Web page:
has a proven record of sourcing, adapting and using the latest technology on the sailing racetrack to deliver the best techniques to the dinghy racer such as the Rooster Boat Whisperer DVD Set
Developments in high definition video capture have made it possible to put Steve’s concepts across. Rooster Sailing
now can offer a low cost, simple and easy to use system, to analyse your own sailing performance with data processed from the Global Positioning System (GPS).
PDF of Full Article Here Part 1
The Global Positioning System has become an everyday tool for most people. For example almost all new vehicles sold today have as standard a GPS receiver and associated mapping display built into the dashboard.
The GPS system started out as a global navigation system for the military, with some limited use for the civilian population. It was also very expensive, even for a basic GPS receiver. But today, the tables have turned – there are more GPS receivers used by civilians than by the military!
Some History of GPS
The first GPS satellite was launched in 1974, and the GPS satellite constellation was declared fully operational in 1994. It was not until May 2000, President Clinton having realised the benefit of GPS to the civilian community, ordered the 100m accuracy degradation (accuracy denial by the military) to be removed. With the removal of this degradation, the doors opened up for civilian users to use GPS for vehicle tracking, fleet management, the emergency services and of course sailing.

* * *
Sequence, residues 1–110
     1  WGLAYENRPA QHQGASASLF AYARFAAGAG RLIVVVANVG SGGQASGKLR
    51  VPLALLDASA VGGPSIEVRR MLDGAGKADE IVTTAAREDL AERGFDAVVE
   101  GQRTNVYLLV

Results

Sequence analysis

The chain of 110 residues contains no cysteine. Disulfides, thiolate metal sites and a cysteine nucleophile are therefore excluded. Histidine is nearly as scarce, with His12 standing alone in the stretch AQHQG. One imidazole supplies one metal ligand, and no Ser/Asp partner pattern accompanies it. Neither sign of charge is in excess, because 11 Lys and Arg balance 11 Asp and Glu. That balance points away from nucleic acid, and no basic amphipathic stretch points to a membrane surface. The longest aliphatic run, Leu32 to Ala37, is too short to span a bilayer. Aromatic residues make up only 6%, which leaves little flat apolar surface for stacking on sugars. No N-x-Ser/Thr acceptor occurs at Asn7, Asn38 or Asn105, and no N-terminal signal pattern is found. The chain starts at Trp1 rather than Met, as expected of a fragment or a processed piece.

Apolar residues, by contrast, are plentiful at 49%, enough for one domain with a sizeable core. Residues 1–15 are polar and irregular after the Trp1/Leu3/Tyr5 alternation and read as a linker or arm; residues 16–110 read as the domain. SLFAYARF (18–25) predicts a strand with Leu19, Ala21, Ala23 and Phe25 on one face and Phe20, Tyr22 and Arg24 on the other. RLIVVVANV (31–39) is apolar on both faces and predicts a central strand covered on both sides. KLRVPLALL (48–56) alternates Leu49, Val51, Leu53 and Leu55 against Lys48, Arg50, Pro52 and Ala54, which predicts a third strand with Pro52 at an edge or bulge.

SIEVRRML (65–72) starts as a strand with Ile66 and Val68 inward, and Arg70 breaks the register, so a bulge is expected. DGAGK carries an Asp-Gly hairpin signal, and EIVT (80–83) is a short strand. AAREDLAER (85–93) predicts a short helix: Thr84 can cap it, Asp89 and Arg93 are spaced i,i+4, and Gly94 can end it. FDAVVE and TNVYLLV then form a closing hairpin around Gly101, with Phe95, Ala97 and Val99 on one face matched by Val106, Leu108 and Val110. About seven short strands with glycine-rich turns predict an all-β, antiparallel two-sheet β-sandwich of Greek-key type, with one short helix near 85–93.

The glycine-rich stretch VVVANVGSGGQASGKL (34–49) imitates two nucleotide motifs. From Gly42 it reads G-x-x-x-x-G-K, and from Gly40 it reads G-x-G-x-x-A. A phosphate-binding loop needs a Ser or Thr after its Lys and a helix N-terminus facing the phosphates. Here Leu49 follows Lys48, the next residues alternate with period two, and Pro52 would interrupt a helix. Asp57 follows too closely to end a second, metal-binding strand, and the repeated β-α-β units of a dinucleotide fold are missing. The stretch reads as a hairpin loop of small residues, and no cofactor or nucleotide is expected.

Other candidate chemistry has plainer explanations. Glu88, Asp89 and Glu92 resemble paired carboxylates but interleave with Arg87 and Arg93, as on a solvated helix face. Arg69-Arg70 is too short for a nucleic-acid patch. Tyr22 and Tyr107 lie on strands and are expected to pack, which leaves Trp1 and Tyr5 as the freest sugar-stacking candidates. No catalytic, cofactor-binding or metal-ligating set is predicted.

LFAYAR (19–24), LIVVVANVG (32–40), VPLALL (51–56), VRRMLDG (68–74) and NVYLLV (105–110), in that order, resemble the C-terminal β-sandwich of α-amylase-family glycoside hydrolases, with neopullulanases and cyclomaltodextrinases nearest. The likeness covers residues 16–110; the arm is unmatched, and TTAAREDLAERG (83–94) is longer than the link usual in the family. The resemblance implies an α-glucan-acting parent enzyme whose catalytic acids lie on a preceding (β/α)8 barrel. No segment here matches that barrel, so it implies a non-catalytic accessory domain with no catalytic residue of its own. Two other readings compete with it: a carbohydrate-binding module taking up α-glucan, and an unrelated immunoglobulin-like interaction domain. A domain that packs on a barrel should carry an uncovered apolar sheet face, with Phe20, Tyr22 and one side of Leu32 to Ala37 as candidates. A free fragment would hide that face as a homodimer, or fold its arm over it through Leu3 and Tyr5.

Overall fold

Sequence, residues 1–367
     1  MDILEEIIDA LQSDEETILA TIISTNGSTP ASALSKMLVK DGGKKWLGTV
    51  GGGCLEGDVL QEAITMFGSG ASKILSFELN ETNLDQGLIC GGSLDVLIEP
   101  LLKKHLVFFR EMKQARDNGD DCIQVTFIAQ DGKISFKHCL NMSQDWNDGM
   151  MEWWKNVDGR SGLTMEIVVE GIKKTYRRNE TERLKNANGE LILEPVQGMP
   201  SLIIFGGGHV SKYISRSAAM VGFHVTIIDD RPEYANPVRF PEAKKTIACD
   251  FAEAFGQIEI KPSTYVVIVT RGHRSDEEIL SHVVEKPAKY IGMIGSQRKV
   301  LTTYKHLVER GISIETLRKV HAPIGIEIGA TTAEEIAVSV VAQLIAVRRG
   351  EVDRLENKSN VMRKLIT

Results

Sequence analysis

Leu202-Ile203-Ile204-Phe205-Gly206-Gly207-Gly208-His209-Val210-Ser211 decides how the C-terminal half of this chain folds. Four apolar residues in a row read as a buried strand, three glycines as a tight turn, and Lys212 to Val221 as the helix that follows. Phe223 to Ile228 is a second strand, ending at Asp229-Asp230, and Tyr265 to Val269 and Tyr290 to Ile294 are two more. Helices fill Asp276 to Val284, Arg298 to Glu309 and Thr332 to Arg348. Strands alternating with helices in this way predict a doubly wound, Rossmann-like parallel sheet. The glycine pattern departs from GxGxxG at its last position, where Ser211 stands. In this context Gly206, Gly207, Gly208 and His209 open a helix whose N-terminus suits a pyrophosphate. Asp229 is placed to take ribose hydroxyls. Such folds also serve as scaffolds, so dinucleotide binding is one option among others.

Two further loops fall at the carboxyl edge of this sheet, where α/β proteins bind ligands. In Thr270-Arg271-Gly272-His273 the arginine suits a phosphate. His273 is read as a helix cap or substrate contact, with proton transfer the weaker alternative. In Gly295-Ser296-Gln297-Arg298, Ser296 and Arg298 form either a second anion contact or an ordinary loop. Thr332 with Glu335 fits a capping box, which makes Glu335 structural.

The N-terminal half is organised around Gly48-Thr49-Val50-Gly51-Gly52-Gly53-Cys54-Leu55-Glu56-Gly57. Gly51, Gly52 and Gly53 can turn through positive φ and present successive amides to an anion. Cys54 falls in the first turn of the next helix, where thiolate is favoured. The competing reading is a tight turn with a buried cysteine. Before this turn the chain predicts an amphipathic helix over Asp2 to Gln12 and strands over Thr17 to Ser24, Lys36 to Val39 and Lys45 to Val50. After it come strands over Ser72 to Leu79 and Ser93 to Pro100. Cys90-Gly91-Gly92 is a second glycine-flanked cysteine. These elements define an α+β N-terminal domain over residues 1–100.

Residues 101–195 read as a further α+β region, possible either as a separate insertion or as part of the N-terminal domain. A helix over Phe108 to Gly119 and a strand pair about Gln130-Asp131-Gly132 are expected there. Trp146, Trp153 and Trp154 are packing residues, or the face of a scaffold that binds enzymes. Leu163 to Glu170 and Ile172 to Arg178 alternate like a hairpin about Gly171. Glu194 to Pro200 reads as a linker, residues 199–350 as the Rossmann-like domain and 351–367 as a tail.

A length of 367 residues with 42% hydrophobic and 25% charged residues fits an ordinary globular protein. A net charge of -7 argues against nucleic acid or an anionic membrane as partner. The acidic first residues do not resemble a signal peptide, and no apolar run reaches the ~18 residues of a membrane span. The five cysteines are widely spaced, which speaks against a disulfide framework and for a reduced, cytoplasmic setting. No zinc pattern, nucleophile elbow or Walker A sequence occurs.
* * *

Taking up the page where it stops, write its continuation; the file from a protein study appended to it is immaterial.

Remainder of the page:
What is GPS?
The US Global Positioning System (GPS) is a worldwide radio-navigation system formed from a minimum constellation of 24 satellites and their ground stations.
GPS uses these "man-made stars" as reference points to calculate positions accurate to a matter of metres. In fact, with advanced forms of GPS you can make measurements to better than a centimetre with the right equipment! GPS receivers have been miniaturized to just a few integrated circuits and so are becoming very economical to build. This makes the technology accessible to virtually everyone including us the dinghy sailor.
In many published training, tuning, tactic and rules books on dinghy sailing you see numerous diagrams showing the plan position of dinghies in relation to marks, start lines, and other boats. But as we all know, in a typical dinghy race, all those aids are gone. Now, with low cost, small, light GPS receivers and the associated dinghy specific analysing software, we can record, and in fine detail study our ‘sailing tracks’ and analyse just what actually